Countdown to Spring Training: 33

While I would’ve liked to talk about Nick Swisher here and pontificate about how underappreciated he was by the average Yankee fan, the wound is just too fresh and I can’t bring myself to do it (yet). Instead, I’ll talk about another fan favorite who donned 33 for the New York Yankees: David Wells.

Boomer had two stints with the Yankees. The first one started when the Yankees signed him on Christmas Eve in 1996. That stint went through the 1997-1998 seasons and ended in February of 1999 when the Yankees traded Wells, Graeme Lloyd, and (Michael Kay’s favorite) Homer Bush to the Toronto Blue Jays for Roger Clemens. The second time around, Wells signed with the Yankees in January 2002 and stuck around through the 2003 season.

Wells gave the Yankees a combination of durability and solid performance; he pitched at least 206 inings for them in each of his four seasons and never had an ERA+ under 107. In 1998, he led the league in winning percentage (.818), shutouts (5), WHIP (1.045), BB/9 (1.2), and K/BB (5.62); he also threw a perfect game for good measure.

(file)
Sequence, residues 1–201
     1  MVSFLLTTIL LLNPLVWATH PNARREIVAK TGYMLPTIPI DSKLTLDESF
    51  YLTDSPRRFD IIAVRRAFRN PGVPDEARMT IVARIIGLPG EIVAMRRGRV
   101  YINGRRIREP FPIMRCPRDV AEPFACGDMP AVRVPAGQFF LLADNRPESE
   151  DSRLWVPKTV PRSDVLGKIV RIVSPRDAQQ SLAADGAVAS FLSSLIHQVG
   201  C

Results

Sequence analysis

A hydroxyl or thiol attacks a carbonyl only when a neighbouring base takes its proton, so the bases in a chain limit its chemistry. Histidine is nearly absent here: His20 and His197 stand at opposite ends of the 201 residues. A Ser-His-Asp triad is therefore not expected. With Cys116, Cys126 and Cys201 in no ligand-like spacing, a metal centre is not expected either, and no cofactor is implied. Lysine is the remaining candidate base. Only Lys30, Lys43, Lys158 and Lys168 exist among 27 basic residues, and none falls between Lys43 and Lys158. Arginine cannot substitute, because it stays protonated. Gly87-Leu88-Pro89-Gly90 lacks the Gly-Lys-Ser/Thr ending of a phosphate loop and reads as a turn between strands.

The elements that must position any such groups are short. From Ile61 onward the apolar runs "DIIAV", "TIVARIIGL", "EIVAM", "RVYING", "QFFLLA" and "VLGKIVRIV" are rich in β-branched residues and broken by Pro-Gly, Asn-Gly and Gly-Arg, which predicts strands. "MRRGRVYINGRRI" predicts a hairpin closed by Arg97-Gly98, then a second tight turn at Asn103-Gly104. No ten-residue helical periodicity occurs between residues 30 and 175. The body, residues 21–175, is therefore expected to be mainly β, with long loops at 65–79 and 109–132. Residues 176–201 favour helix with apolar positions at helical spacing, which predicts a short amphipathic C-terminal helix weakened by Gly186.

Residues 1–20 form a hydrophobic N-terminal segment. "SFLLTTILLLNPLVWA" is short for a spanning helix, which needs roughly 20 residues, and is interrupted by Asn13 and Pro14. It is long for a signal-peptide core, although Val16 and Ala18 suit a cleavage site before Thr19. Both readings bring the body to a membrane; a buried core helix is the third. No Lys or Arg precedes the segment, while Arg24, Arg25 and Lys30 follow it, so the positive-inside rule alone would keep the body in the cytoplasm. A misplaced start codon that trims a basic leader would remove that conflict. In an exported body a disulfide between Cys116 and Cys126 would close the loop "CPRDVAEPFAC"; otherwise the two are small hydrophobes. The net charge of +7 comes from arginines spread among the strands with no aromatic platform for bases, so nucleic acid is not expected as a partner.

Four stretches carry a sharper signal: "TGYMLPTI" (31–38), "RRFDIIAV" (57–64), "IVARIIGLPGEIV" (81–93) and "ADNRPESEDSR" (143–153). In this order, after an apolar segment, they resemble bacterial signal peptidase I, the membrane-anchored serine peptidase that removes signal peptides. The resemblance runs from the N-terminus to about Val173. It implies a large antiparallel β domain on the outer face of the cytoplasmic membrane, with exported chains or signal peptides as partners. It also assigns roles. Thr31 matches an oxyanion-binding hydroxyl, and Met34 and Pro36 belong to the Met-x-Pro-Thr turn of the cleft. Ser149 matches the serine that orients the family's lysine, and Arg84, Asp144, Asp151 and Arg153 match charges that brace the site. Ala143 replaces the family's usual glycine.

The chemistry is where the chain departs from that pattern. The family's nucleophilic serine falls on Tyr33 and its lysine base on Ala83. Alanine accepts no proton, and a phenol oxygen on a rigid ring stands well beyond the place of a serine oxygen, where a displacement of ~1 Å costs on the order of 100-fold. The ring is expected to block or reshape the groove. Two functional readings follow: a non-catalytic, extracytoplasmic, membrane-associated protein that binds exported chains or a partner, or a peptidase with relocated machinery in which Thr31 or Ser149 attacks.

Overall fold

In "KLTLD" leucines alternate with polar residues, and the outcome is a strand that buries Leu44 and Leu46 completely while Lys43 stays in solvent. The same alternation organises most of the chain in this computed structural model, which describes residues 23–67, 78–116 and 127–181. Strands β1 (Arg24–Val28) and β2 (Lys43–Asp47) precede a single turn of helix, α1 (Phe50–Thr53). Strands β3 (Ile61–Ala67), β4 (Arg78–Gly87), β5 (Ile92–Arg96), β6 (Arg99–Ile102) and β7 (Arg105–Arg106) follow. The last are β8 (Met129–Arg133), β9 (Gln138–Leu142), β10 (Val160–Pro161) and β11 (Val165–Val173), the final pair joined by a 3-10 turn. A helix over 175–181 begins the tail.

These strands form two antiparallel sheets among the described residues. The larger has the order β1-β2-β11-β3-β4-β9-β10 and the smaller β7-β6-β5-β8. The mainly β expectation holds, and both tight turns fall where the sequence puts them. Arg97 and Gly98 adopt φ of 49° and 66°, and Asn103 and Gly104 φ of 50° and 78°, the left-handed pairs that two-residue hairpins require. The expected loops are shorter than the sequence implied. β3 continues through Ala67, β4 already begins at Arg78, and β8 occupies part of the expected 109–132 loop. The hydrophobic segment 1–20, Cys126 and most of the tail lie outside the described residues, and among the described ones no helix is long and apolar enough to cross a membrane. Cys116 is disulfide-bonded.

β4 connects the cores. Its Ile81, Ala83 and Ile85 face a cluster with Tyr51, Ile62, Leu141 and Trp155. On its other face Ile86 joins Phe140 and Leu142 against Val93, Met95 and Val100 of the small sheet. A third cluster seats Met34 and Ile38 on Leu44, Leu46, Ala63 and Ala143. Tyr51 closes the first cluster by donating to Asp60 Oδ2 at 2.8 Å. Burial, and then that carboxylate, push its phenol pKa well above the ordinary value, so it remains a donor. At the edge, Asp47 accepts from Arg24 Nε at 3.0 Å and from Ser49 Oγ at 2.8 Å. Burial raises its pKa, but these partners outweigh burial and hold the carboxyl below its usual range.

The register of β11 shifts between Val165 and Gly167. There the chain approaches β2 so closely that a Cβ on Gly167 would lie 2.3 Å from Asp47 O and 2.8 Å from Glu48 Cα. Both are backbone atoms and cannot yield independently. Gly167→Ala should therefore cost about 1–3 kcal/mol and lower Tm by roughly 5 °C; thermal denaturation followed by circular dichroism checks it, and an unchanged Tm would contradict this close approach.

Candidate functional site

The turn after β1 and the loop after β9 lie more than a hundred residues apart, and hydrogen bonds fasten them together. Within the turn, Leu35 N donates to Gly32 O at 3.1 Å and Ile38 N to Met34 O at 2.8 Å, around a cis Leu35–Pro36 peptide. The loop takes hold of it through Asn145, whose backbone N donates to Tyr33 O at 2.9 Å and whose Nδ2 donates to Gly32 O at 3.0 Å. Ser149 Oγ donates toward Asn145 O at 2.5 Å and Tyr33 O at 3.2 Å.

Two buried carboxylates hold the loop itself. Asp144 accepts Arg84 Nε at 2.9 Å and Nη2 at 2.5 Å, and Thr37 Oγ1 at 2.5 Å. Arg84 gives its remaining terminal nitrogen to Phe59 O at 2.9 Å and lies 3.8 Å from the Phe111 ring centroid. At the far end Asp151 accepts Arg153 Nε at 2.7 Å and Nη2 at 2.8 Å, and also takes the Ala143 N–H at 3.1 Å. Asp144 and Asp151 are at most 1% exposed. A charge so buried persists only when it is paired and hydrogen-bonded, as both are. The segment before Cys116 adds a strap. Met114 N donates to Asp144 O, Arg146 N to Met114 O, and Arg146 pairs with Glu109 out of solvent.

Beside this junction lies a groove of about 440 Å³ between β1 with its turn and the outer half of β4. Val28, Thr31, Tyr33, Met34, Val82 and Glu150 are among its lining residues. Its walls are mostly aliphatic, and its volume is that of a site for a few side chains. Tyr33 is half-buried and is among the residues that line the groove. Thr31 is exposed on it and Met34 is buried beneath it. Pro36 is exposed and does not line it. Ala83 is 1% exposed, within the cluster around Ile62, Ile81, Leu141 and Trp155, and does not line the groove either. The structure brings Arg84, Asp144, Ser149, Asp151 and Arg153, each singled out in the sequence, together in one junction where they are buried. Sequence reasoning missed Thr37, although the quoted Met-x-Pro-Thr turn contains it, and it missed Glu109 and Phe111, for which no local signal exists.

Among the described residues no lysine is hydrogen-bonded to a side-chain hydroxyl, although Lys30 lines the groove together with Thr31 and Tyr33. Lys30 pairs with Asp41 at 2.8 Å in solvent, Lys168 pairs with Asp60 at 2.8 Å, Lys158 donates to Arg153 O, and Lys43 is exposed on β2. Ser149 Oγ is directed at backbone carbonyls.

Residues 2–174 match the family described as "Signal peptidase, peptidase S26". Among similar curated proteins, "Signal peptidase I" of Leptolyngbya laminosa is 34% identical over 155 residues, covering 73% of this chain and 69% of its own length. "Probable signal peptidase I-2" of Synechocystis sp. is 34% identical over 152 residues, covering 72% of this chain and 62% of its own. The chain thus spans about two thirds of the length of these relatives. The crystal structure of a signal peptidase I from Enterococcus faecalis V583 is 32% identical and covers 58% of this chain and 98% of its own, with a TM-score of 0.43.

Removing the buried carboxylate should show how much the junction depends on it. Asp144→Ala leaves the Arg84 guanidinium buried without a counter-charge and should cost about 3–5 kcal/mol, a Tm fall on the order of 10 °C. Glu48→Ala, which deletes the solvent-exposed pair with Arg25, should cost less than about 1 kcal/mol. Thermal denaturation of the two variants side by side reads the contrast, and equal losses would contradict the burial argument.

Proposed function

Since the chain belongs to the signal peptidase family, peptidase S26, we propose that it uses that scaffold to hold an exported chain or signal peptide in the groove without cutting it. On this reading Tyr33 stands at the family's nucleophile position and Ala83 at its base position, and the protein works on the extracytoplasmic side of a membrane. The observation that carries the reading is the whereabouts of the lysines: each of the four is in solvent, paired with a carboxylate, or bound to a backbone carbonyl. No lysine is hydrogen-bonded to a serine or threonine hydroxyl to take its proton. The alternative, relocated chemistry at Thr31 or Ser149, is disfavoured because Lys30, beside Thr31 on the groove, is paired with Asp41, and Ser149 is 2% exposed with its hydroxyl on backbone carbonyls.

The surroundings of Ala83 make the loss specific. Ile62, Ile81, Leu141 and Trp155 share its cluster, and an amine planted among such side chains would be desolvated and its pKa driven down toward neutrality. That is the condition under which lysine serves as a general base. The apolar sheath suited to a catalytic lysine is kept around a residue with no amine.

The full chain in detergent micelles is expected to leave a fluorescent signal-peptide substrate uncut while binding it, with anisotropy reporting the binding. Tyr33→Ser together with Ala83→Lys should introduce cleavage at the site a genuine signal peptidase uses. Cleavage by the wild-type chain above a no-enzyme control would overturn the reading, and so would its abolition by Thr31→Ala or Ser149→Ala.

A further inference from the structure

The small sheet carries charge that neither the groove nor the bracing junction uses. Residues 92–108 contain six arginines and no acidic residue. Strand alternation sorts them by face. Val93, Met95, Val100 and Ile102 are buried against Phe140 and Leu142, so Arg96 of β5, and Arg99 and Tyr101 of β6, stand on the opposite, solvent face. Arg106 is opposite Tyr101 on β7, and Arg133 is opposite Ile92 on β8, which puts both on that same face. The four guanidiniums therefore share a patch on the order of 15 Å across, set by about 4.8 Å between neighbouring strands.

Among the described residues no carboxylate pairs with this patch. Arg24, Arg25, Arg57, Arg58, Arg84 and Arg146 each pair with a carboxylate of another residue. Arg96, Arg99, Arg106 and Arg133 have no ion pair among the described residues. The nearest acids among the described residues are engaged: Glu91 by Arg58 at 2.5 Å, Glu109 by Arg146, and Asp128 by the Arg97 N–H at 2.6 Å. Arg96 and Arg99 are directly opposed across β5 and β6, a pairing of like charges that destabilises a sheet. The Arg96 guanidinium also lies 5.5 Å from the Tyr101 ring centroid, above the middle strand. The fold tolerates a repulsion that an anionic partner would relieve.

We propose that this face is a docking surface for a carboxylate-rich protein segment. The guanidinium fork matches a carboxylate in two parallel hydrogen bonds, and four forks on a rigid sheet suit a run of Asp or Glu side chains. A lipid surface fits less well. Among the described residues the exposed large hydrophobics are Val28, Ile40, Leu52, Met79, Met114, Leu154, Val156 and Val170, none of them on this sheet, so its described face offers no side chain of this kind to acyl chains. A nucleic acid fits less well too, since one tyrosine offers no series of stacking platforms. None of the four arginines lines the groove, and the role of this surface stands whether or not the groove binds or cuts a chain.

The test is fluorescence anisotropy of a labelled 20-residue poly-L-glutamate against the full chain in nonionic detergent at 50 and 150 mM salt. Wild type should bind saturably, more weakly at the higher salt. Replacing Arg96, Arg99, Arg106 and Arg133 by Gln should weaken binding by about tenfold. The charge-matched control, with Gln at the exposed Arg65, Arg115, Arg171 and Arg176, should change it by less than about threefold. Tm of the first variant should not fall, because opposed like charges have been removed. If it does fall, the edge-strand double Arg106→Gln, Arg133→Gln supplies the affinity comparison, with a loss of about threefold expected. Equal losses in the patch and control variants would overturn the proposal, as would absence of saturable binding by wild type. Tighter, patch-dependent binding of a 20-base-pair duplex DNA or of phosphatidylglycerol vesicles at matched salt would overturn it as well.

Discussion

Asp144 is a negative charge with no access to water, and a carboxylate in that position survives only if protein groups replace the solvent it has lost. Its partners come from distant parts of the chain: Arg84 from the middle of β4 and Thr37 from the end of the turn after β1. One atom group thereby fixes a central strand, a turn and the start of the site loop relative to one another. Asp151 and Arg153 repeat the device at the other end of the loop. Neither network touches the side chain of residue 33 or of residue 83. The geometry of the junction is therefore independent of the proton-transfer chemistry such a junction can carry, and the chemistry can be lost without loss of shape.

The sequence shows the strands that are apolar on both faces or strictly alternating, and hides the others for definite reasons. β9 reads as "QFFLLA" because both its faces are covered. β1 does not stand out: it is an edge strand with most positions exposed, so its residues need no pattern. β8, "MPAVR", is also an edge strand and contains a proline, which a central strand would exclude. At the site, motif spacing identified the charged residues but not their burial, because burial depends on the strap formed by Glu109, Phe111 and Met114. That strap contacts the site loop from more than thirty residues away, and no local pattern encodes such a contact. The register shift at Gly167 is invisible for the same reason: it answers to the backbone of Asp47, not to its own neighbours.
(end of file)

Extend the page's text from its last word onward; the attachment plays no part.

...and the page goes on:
In the 1997-1998 stint, Wells tossed 432.1 total innings with a 3.85 ERA, good for a 116 ERA+. He had a 1.175 WHIP, walked just 1.5 per nine, and had a sparkling 4.31 K/BB. In his second time around, he again had a a league-leading season. In 2003, he walked just 0.8 per nine innings. Between 2002-3, he threw 419.1 innings with a 112 ERA+ and 3.6 K/BB. All told, Wells threw 851.2 innings to a 114 ERA+.

He also had some sparkling postseason moments, including eight shutout innings against the Rangers in the 1998 ALDS. That year, he also added two wins in the ALCS and another win the World Series. Wells stumbled out of the gate in the 2002 playoffs surrendering eight runs in 4.2 innings, but recovered in 2003 and gave up just six runs in 22.4 playoff innings in 2003 (2.41 ERA).

David Wells was a good pitcher and a fun guy to have around in Pinstripes. Share your memories of him or his games in the comments. Here’s to you, Boomer!

A native and resident of the Mean Streets of Southwestern Connecticut, Matt is a narcissistic, misanthropic 20something English teacher who lives by a simple creed: Yankees Only.

About Matt Imbrogno

A native and resident of the Mean Streets of Southwestern Connecticut, Matt is a narcissistic, misanthropic 20something English teacher who lives by a simple creed: Yankees Only.

3 thoughts on “Countdown to Spring Training: 33

  1. AFAIK, Swisher was quite popular with the fans,

    although there was a widely-held perception that when the pressure was on, Swisher wasn’t.